- Many jobs required a fair amount of skill. This was generally on-the-job training, but this still manifests as both time-cost, and scarce resource.
- Workers were in something of a position of trust: they oversaw expensive equipment, inputs, ouput, and process.
- Employment was typically, though not always regular. While a factory could operate year-round without concern for weather, it would often be subject to business variability.
That's four of the five factors.
The real key to me though is that the role
of human workers was as the brains
and control element
of a structured, automated, and powered process. Factory work is very much literally a force multiplier of raw human skill. A single man, plus machines, could have his output multiplied many times. And due to the considerations above, plus unionisation, eventually claimed a high wage.
The question is how these factors extend into the coming world of work. I have concerns. And I don't see any of the discussion of this point following the lines of analysis I've given here. Further development in a comment at The Other Place
And, back to unionisation: factories represent both a strength
and a weakness
On the one hand, a factory is a nexus of capital, access to financing, marketing and vendor relationships, transport, power or energy, and labour. On the other, a factory is much like a mine: you cannot simply pick it up an move it to another location.
Or at least this was far less true in the 19th and much of the 20th century. Over the past 50 years or so, mobility of capital, and the ability to finance and construct new factories largely at-will has
increased, with labour organisation falling largely in parallel.
The Brain and the Eighth Hand
I was reminded of a fantastical riff Yonatan Zunger posted to G+ a while back in which he created an entire wealth, class, and informational complexity theory around Star Wars vaporator droids
. This is fiction-on-fiction, mind, but a wonderful set of imagery:
When Owen asked C-3PO if he spoke the binary language of moisture vaporators, the proper answer for him to give (in binary) would have been "with neither too many hands nor too few," that being the idiom for speaking politely and properly. Moisture vaporators use their hands as communication ports, each finger transmitting or receiving a single channel, and touch hands to one another in order to speak; if you were to speak with more hands than the listener had available, they would miss part of what you were saying, and (especially if that were crucial metadata) they would not be able to understand you. Conversely, if you spoke with fewer hands than they listened with, your transmissions would be slow, stilted, taking far too much time. Speaking with the appropriate number of hands is a key aspect of their culture.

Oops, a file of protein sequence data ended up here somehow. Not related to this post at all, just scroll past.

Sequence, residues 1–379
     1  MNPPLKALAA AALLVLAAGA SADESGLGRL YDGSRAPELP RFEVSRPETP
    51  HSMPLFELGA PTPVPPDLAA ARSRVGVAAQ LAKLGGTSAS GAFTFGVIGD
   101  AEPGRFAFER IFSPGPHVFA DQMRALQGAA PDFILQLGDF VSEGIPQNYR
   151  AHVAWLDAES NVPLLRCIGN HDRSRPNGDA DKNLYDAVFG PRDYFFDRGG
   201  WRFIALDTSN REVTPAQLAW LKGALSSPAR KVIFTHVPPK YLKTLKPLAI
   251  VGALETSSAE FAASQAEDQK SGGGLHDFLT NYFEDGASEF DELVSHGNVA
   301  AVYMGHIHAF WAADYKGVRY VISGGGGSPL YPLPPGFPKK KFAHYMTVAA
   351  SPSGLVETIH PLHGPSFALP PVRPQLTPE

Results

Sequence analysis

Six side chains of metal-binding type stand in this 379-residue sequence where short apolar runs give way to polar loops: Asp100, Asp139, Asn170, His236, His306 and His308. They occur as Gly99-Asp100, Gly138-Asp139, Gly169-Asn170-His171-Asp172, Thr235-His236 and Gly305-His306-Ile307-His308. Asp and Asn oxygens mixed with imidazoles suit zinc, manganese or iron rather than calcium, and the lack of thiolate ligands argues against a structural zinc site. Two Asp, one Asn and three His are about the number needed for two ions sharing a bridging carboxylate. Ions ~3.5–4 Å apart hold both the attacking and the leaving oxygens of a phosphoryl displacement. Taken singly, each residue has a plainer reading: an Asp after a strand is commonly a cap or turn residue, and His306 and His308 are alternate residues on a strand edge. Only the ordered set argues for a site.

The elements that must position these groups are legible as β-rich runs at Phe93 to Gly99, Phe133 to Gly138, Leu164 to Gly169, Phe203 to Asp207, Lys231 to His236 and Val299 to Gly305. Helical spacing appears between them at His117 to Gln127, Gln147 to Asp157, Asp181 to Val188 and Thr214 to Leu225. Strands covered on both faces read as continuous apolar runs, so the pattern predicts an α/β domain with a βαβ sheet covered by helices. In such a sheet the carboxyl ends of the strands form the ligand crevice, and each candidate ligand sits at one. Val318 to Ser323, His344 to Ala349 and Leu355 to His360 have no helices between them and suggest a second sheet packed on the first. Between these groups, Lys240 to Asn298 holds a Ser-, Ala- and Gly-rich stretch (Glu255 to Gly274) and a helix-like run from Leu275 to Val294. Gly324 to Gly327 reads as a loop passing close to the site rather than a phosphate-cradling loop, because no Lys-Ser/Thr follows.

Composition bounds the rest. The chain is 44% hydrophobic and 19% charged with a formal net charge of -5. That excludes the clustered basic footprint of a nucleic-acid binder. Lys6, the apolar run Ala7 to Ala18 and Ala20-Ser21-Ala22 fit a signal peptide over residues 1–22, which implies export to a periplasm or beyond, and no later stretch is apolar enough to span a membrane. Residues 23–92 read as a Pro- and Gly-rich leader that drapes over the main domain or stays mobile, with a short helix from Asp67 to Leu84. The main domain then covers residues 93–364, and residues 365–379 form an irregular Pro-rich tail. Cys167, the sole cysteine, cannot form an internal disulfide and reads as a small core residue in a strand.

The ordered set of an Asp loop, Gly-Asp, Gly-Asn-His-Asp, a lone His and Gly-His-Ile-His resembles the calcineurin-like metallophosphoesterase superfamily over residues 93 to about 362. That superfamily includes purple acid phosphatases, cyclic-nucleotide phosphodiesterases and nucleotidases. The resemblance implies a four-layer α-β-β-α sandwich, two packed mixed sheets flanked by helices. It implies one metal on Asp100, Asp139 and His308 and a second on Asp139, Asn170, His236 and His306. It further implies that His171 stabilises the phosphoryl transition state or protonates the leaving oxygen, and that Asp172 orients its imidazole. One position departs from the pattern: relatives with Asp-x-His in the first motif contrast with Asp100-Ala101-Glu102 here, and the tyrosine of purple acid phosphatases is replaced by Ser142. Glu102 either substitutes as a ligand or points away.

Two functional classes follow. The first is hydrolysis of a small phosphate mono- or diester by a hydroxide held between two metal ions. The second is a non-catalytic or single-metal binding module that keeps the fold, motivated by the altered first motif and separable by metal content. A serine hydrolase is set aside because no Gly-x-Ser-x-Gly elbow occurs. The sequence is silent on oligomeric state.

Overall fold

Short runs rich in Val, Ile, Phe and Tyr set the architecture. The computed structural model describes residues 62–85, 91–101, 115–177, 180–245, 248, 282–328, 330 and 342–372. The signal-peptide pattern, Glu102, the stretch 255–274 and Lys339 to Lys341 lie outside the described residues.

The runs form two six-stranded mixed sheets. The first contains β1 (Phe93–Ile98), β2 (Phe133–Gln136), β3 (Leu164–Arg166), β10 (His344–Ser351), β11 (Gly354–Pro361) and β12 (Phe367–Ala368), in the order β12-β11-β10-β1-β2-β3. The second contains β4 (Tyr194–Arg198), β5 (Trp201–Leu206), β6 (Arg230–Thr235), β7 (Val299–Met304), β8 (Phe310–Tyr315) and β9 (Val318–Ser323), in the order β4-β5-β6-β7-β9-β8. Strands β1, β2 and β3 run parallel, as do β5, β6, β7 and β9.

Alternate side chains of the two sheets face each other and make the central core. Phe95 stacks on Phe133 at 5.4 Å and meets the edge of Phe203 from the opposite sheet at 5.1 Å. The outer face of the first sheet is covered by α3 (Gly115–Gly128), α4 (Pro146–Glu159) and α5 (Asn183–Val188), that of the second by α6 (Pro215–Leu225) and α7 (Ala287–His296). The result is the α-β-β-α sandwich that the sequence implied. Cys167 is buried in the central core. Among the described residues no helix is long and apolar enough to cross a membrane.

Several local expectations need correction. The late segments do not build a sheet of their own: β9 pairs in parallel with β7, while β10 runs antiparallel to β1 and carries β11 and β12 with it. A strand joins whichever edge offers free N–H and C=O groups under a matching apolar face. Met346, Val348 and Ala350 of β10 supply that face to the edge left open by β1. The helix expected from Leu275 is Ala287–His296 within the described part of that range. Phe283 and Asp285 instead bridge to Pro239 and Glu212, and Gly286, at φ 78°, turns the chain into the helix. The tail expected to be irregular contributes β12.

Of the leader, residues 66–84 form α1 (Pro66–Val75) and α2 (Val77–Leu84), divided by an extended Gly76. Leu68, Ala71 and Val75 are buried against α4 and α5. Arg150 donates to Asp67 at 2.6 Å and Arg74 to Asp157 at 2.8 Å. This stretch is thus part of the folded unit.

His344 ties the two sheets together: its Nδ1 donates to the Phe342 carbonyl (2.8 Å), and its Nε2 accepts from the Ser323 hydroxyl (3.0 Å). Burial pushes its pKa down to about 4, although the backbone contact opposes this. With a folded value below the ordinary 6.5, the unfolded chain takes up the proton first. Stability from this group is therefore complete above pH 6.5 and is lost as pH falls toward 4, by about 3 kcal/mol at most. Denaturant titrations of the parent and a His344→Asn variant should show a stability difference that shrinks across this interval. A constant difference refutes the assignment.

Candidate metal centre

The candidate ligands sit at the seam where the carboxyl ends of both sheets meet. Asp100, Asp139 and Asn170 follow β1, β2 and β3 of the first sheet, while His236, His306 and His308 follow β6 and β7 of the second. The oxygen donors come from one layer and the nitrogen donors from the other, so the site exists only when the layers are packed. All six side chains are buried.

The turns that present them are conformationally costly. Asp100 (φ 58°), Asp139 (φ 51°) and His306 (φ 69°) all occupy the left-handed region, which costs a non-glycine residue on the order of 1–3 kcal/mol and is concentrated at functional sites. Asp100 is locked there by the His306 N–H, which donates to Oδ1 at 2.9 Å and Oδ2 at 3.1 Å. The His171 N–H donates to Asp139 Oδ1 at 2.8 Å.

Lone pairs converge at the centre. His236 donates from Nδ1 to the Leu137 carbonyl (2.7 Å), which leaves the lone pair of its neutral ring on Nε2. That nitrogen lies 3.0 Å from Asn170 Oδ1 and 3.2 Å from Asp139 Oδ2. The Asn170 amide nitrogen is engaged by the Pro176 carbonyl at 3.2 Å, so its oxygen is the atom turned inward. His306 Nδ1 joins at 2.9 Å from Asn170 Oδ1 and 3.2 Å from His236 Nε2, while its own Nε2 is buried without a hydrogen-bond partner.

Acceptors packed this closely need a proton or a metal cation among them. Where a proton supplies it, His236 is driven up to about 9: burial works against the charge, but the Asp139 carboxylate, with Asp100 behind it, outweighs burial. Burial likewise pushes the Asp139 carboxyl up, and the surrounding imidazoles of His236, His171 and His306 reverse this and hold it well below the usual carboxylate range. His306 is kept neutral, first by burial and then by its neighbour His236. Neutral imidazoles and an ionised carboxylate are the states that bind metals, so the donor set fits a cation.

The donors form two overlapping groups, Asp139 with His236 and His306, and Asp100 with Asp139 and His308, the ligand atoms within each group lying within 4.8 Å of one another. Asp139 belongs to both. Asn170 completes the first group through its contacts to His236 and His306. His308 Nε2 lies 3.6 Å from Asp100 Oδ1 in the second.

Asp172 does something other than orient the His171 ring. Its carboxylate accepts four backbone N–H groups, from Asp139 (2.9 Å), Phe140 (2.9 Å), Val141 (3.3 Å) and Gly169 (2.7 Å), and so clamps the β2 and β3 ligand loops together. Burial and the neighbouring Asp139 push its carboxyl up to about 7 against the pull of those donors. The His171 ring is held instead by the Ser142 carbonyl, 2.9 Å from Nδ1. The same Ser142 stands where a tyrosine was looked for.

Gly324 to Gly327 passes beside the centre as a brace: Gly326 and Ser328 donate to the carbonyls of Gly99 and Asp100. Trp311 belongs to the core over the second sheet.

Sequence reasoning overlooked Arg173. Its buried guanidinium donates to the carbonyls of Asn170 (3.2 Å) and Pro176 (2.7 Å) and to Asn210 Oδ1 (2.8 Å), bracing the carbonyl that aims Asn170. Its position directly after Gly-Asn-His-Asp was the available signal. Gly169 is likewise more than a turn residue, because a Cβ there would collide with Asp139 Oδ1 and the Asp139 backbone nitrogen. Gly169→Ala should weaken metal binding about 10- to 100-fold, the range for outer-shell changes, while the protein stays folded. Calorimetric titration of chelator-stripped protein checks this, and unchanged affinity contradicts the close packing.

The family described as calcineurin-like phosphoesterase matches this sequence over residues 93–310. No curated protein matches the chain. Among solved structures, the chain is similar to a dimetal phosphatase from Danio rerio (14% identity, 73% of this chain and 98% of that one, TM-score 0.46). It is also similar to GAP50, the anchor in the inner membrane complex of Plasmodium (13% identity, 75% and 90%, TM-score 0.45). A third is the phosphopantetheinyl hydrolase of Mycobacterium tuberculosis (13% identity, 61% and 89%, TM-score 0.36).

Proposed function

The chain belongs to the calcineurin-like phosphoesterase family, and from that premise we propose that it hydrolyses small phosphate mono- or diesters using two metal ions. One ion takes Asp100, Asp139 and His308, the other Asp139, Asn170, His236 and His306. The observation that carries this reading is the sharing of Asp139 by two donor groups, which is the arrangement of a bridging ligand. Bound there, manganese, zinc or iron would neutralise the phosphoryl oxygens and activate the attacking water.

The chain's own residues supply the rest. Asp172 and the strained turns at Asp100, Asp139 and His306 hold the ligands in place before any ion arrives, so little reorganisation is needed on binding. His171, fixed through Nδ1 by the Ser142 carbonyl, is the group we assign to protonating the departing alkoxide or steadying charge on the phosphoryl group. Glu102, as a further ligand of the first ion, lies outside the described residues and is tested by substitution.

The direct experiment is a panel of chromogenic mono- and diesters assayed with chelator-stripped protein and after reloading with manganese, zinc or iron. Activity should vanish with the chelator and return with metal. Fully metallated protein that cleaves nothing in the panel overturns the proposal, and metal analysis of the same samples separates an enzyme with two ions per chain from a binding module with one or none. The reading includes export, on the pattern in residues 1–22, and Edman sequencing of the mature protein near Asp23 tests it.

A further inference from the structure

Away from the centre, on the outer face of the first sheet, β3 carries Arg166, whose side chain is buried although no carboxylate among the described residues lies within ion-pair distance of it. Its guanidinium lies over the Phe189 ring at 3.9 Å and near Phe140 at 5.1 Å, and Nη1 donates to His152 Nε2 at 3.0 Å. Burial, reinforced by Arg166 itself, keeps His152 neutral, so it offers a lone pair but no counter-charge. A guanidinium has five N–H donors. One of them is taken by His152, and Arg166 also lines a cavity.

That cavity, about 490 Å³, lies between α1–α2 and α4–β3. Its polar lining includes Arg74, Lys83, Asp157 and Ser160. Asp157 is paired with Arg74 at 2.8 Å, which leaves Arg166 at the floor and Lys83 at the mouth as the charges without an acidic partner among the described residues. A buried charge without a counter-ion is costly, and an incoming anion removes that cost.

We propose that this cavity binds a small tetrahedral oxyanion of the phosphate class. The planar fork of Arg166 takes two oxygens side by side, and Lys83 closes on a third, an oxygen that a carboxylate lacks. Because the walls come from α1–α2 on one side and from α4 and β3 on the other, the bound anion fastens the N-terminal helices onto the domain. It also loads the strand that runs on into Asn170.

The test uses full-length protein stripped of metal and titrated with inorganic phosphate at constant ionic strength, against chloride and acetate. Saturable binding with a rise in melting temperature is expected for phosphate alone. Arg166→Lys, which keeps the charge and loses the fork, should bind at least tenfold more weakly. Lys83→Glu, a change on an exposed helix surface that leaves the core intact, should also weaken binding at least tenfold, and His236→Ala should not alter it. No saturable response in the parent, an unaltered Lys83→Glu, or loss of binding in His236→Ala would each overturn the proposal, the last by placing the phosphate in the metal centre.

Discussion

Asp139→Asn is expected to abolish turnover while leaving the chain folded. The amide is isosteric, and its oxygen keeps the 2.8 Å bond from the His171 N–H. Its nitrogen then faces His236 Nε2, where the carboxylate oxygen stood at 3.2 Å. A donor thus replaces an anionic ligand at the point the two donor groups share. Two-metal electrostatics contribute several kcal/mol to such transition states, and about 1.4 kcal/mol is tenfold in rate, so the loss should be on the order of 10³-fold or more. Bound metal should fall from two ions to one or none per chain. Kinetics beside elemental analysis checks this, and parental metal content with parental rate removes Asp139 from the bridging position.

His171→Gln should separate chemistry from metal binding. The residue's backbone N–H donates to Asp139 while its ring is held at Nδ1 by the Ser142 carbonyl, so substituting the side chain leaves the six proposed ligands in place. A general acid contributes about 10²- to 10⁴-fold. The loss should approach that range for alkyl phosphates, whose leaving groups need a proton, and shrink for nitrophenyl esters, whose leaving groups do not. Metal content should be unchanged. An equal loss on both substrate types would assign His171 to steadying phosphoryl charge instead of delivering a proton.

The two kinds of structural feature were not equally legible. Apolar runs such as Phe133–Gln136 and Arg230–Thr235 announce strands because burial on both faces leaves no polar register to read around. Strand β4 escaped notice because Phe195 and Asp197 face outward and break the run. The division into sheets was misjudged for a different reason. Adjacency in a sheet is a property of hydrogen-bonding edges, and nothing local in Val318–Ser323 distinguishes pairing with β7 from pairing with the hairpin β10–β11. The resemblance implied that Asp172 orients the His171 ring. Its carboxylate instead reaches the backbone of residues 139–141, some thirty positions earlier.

But as with many societies, etiquette conceals notions of class: the number of hands a moisture vaporator has is largely determined by wealth and their role. As a result, a common worker with only two or three hands will always seem slow-witted and foolish when trying to speak to a five-handed member of their bourgeoisie, and that burgher would in turn feel profoundly uncomfortable in "seven-handed society."
An eighth hand, by law and by custom, is permitted only to their Emperor, and in fact "the eighth hand" is both a symbol of and metaphor for Imperial power.
So, we get communications
, and complexity of thought
, in one package.
I'd run across an item at Nautilus
(fantastic online source, by the way, and they're actively soliciting support currently), "How Your Brain Decides Without You
The structure of the brain [Lisa Feldman Barrett] notes, is such that there are many more intrinsic connections between neurons than there are connections that bring sensory information from the world. From that incomplete picture, she says, the brain is “filling in the details, making sense out of ambiguous sensory input.” The brain, she says, is an “inference generating organ.” She describes an increasingly well-supported working hypothesis called predictive coding, according to which perceptions are driven by your own brain and corrected by input from the world. There would otherwise simple be too much sensory input to take in. “It’s not efficient,” she says. “The brain has to find other ways to work.” So it constantly predicts. When “the sensory information that comes in does not match your prediction,” she says, “you either change your prediction—or you change the sensory information that you receive.”
To which I obseved on the Inevitability of the Eighth Hand
, by the Emperor, that is, the decisionmaking centre of society:
Thus: the emperor must always have the eighth hand, and proper interpretation and framing of the Universe requires more processing power then sensing power, and/or the obligation to discard information which cannot be integrated into the receiving frame.